Whether you are new to fountain pens or have used them for years, an important question to ask is how should a fountain pen be stored correctly.
It is a small question, yes. But a vital one to making sure you have a ready to use fountain pen in good condition.
In this article, I'll discuss the simple task of storing fountain pens, explain the correct way to do it, highlight the importance of doing it right, and provide guidelines for proper storage.
Without further ado...
How To Store Fountain Pens Properly
There are three situations for storing a fountain pen.
- Storing while using intermittently
- Storing for a few days
- Storing for long periods
While Using Intermittently
By this I mean the moments between writing.
Say you are taking notes at your desk or jotting thoughts down through the workday. If you are actively using your pen throughout the day, you should store the fountain with the cap on, horizontally on a flat surface.
Recap your fountain pen when you are not actively using it.
Generally, Fountain pen ink is water-based and dries out in the nib quickly. If you aren't writing with it, put the cap back on the pen. This ensures the pen remains wet, with fresh ink when you need to write again.
When the cap is left off and the nib is unused, the ink can partially dry in minutes. This means you will have to take a few seconds each use to get the ink flowing again.
If you leave the nib off for an hour or more, dried ink might not only cover the nib, but also the fins and sections. If this occurs, you'll need to cover the entire nib housing before using the pen again.
|Related Reading: Best fountain pen ink
Always store your fountain pen in the horizontal position on a desk or table.
Keeping the fountain pen on a flat surface ensures that ink stays wet and fluid in the nib, the section, and the fins of the pen. This means you can pick the pen up and write at any moment.
If the pen is stored nib point up while you are using it on and off, the liquid ink has to travel back down the fins. In other words, you will have to wait a few seconds to restart the flow of ink.
And as a rule: Never store a fountain pen nib pointing down.
It is an office habit to store our pens in a pen cup with the point down.
This comes from storing ballpoints, and honestly, that is exactly how you should store your ballpoint pen. (Point down for a ballpoint ensures the slow moving oil-based ink is drawn down by gravity so the pen is ready to write immediately.)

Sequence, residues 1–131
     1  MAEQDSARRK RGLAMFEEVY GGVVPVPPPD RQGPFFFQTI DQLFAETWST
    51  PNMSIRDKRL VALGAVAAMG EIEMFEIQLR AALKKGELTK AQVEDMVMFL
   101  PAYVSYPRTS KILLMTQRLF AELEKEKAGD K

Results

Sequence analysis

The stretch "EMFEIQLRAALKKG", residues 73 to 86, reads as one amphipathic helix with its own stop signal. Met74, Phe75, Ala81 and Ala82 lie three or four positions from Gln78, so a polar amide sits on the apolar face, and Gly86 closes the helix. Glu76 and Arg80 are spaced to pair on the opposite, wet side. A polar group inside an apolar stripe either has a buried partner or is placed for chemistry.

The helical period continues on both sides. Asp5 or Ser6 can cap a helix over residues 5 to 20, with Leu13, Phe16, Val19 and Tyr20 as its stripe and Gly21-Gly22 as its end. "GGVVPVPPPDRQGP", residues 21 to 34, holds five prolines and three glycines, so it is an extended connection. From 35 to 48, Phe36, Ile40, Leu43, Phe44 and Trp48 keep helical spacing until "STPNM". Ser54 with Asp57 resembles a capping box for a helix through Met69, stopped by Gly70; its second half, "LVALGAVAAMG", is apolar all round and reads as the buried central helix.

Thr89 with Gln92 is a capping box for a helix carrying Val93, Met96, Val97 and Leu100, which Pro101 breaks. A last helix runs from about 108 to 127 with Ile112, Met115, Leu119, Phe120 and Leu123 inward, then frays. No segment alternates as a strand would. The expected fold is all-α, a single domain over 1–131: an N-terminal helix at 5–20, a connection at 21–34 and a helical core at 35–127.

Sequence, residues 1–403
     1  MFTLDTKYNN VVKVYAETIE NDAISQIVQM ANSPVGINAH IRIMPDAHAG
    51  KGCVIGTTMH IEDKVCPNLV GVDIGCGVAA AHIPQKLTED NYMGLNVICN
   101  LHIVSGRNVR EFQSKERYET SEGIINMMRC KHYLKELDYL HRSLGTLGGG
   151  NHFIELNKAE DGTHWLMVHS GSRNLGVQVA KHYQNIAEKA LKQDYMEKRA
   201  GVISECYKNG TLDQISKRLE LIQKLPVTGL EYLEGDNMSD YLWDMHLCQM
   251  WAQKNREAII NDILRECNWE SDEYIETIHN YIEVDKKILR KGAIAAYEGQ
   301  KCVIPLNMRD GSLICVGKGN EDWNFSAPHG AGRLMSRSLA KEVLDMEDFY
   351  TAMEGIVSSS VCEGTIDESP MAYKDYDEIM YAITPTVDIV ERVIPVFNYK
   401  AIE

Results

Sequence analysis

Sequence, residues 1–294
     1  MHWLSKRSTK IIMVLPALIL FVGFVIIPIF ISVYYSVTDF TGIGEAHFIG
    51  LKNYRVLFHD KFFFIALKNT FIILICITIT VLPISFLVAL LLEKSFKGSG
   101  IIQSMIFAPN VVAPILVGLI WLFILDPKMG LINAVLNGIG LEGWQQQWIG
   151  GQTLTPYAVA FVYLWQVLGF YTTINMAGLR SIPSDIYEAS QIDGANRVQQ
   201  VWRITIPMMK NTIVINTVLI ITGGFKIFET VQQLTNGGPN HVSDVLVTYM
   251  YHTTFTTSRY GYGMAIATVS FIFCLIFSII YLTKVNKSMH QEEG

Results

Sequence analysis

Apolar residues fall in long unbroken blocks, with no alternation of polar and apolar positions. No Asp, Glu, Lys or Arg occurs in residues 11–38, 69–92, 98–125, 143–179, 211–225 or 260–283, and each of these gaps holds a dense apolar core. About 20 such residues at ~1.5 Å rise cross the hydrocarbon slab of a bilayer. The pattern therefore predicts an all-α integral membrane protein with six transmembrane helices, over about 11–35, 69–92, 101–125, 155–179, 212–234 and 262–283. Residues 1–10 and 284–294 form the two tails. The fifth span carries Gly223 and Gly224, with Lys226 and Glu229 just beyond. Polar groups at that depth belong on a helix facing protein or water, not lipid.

Unfortunately, storing a fountain pen vertically with the nib pointing down is a sure fire way to end up with a cap full of ink and a gunky nib of half-dried ink.
Fountain pens work partially because gravity draws the liquid-ink out of the reservoir to the paper. If a fountain pen is stored point down, the ink will slowly drain out of the reservoir.
It's a bummer. I have made this mistake.
|Further Reading: How Do Fountain Pens Work
Store it Overnight or For a Few Days
If you only use your fountain pen on occasion or once every few days, it is very simple and easy to store. Just place the pen in your pen cup vertically with the nib pointing upwards.
Since you are not immediately using the pen, allowing the ink to drain into the ink reservoir keeps the ink wet and ready to flow back down the pen when it is time to write.
It may take a few seconds to start writing. However, you will prevent any leaking ink or ink pooling in the fins and on the nib.
Storing the fountain pen horizontally for days in a row will not drain the pen like storing it point down, but it can cause ink to stay in the fins and nib and dry there.
Best case: it will get kind of gunky and will need to be wiped down with a paper towel. Worst case: it dries hard and you have to clean the whole pen.
Store a Fountain Pen For Long Periods
If you know you will not be using your fountain pen for a few weeks or more, the best thing to do is empty out your fountain pen and give it a cleaning before putting it away.
All you will need to do is drain out the ink reservoir and purge the fountain pen with clean water. Let it dry completely.
When you are ready to start using the fountain pen again, grab your ink bottle and refill the ink reservoir.
The table below sums up how to store your fountain pens for different durations:
|Short-Term (1-2 weeks)
|Cap securely, store horizontally
|Minimal risk of drying or clogging
|Medium-Term (1-3 months)
|Use airtight storage, check ink levels
|Risk of nib drying and ink evaporation